Targets for DNA-based antimicrobials in Pseudomonas aeruginosa

Bahia, Sandeep (2021) Targets for DNA-based antimicrobials in Pseudomonas aeruginosa. Doctoral thesis, University of East Anglia.

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The increasing prevalence of antibiotic resistance is a global issue driving the need for the identification of novel target sites and development of new antimicrobials, in particular for Gram-negative bacteria. Rapid and comprehensive sequencing of microbial pathogens has identified control of bacterial transcription as a source of these needed targets. Transcription factor decoys (TFDs) are short oligonucleotides that competitively inhibit the bacterial transcription factors controlling genes essential for infection. To facilitate the delivery of TFD a delivery molecule, 12-bis-THA, has been developed. An analogue of the quaternary ammonium cation dequalinium, 12-bis-THA has been shown cause membrane disruption in order to delivery TFDs intracellularly. As this disruption results in a stress response likely to be driven by changes in transcription factor (TF) expression, an investigation into detection of these changes using proteomics was explored. In this thesis a proteomic workflow was developed to enrich for the detection of changes in TF expression in response to high and low dose 12-bis-THA treatment, with an aim to identify potential TFD targets. Initial experimentation utilised the model organism E. coli NCTC_9001. Shortcomings highlighted in these experiments informed modification in the workflow for the bacterium of interest, P. aeruginosa. These experiments were successful at identifying changes in TFs expression between treatment conditions. Analysis of the data identified two potential TFD targets, the biofilm resistance locus regulator, BrlR and the alginate and motility regulator, AmrZ. TFDs were then designed to target these TFs and their efficacy explored. The developed proteomic workflow has great potential for application to other bacterial organisms and as a tool for identification of TFD targets and the future development of the novel antimicrobial strategy.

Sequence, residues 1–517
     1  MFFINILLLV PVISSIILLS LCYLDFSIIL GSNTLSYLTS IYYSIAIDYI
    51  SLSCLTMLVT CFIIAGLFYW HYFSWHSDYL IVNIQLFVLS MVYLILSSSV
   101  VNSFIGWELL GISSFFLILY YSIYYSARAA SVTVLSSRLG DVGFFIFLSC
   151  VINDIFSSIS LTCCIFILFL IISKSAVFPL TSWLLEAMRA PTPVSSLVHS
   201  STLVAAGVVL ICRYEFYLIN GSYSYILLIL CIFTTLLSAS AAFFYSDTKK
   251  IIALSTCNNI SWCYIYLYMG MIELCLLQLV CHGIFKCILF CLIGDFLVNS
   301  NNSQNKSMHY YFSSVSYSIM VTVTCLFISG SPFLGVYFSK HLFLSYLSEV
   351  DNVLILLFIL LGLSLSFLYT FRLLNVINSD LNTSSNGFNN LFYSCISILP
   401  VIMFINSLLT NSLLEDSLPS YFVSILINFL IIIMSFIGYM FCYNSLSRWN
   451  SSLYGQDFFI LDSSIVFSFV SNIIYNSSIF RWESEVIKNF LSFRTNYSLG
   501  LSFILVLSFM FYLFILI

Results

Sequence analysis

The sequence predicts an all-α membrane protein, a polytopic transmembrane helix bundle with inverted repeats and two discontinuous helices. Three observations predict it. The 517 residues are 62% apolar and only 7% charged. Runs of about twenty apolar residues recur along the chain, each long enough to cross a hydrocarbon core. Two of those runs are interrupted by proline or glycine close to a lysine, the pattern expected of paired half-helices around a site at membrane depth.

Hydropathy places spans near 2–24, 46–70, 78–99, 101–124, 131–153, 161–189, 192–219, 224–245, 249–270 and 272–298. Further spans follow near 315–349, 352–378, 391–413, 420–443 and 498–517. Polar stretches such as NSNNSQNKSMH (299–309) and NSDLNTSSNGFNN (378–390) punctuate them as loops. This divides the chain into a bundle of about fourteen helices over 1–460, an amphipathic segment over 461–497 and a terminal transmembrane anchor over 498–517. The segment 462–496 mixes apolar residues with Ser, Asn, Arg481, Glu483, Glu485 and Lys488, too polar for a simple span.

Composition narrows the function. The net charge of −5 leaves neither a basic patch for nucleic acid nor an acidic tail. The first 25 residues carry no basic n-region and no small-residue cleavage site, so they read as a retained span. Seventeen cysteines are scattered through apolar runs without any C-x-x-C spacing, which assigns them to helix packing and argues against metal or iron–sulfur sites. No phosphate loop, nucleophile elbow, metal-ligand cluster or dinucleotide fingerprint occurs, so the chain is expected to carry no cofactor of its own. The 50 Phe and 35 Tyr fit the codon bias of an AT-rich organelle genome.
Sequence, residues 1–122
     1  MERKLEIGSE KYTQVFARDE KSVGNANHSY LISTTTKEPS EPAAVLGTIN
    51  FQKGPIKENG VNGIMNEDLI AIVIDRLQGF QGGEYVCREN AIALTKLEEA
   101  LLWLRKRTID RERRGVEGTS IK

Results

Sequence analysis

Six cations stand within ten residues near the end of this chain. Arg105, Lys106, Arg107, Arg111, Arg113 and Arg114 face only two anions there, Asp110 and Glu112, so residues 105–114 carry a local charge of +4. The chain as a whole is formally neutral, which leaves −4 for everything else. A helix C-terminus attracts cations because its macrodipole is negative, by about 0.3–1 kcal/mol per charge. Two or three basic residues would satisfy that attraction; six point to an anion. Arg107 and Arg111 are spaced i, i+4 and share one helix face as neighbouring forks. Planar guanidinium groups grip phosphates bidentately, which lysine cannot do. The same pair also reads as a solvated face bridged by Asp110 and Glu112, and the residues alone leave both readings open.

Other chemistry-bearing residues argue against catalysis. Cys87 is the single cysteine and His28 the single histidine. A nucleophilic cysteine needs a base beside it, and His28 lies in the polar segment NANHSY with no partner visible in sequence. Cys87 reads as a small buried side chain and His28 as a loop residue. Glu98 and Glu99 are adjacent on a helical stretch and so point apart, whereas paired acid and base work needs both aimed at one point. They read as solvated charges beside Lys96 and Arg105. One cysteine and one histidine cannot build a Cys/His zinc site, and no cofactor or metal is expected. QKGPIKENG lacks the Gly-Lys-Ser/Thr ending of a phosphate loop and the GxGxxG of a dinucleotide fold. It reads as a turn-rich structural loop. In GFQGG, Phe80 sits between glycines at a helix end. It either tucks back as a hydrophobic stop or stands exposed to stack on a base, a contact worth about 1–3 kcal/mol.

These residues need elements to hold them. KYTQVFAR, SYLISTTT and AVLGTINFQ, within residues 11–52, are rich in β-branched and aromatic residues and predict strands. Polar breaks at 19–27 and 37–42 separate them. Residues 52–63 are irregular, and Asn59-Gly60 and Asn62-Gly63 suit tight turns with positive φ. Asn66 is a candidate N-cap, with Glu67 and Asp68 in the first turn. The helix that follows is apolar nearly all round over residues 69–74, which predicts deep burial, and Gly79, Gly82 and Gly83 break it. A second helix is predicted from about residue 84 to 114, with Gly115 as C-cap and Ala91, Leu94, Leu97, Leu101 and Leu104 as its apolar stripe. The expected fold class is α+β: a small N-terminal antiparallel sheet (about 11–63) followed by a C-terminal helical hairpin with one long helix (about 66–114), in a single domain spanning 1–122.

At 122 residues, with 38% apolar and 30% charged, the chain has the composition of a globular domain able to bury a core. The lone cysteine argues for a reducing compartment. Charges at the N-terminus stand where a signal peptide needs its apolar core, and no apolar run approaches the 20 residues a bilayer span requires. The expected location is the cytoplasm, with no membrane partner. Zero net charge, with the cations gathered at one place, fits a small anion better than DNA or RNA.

Item Type: Thesis (Doctoral)
Faculty \ School: Faculty of Science > School of Pharmacy
Depositing User: Chris White
Date Deposited: 08 Aug 2022 11:00
Last Modified: 08 Aug 2022 11:00

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